Low-Dose Iron Therapy Effective, Well Tolerated in the Elderly

Internal Medicine World Report, November 2005 ,

Low-Dose Iron Therapy Effective, Well Tolerated in the Elderly

Iron deficiency is a common problem among elderly individuals aged ³80 years, but people in this age-group are also very susceptible to the side effects of oral iron supplementation. Therefore, using low-dose iron therapy, if proved therapeutic, could reduce the risk of adverse effects associated with high doses.

Ephraim Rimon, MD, of Kaplan Medical Center, Rehovot, Israel, undertook a study to determine whether low-dose iron therapy can replace conventional higher-dose therapy for geriatric patients with iron-deficiency anemia (Am J Med. 2005;118:1142-1147).

Included were a total of 90 patients hospitalized with iron-deficiency anemia. They were given 15 or 50 mg of iron as liquid ferrous gluconate, or 150 mg of ferrous calcium citrate tablets, for 60 days. Another group of 30 nonameic patients were given 15 mg of iron for 60 days and acted as controls.

Hemoglobin (Hb) and serum ferritin levels rose significantly and similarly with all forms of therapy, beginning 15 minutes after the initial dose, in all but the nonanemic patients. Significant and similar increases in Hb and ferritin concentrations were seen at 2 months in all 3 groups (ie, Hb levels rose by 10.0-11.3 g/dL with 15 mg/d of iron therapy and by 10.2-11.6 g/dL with 150 mg/d). In addition, side effects, such as abdominal discomfort, nausea, vomiting, changes in bowel movements, and black stools, were significantly more frequent with the higher doses.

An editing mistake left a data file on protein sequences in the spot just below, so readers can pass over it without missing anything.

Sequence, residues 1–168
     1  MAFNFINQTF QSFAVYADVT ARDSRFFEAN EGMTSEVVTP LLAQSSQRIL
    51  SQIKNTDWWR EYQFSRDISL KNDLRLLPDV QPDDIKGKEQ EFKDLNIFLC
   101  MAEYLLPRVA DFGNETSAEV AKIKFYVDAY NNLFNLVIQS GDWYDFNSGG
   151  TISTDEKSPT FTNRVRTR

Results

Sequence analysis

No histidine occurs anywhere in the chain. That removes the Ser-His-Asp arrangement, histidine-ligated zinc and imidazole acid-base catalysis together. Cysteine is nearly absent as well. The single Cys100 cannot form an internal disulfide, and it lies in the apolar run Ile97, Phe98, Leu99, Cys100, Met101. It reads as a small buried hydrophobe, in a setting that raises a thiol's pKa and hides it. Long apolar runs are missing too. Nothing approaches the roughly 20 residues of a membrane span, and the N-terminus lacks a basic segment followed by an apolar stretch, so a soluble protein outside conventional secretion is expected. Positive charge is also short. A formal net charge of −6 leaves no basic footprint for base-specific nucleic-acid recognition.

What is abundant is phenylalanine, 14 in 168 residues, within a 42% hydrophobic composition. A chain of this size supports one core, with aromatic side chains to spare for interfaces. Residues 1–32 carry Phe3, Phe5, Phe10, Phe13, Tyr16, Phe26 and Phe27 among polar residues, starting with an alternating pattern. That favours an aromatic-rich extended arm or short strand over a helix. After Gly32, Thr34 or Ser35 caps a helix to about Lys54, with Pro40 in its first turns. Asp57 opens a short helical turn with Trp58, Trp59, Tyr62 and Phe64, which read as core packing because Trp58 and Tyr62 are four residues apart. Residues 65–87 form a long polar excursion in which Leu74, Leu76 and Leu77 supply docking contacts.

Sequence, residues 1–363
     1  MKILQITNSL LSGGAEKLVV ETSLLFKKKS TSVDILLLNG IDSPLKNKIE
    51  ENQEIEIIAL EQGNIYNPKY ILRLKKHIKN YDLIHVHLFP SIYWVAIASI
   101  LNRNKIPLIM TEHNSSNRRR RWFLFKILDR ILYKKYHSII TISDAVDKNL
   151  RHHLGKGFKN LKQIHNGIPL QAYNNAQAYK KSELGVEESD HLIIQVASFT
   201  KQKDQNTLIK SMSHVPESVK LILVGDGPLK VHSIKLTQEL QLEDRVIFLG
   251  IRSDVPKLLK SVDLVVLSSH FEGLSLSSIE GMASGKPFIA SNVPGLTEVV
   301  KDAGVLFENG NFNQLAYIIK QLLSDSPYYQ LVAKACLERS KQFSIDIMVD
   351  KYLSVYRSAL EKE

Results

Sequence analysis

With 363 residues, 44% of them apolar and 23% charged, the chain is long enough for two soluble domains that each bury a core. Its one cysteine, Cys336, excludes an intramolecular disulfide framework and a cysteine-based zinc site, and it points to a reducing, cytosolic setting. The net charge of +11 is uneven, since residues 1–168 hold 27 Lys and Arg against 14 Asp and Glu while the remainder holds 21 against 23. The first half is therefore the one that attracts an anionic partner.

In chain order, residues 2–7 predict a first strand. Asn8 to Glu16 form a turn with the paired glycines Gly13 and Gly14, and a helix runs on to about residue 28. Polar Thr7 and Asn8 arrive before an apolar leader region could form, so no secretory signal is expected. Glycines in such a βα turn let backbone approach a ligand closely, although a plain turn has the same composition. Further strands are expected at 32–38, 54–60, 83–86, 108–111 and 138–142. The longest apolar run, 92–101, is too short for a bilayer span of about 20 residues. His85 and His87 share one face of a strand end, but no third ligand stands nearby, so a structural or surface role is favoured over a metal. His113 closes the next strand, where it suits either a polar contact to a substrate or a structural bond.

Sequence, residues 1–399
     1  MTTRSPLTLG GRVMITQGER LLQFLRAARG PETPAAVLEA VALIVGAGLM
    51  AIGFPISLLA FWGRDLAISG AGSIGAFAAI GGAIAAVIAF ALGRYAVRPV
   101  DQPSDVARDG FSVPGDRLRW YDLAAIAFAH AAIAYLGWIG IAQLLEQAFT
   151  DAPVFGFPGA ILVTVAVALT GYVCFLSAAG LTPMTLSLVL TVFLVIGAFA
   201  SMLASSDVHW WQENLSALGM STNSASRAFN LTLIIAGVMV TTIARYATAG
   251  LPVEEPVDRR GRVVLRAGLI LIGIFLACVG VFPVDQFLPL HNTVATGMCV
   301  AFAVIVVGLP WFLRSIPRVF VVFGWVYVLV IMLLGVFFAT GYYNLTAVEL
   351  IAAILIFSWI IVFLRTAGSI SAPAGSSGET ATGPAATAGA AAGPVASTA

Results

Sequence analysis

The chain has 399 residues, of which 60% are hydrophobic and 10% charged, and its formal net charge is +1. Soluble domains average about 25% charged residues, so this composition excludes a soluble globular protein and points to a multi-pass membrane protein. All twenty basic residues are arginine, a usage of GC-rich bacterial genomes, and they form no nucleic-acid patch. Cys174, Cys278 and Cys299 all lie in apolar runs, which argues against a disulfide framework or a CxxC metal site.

These findings are significant because the adverse events associated with oral iron therapy in the elderly can lower compliance and even increase morbidity, according to the investigators.

“This study demonstrates that small iron doses, one tenth of what is generally recommended, efficiently raise hemoglobin and iron stores in elderly patients without producing substantial adverse effects,” Dr Romon and colleagues wrote. “Further studies will be needed to determine the optimal dose of iron that can restore iron status as fast as possible, with minimal adverse effects and drug interactions.” —R.M.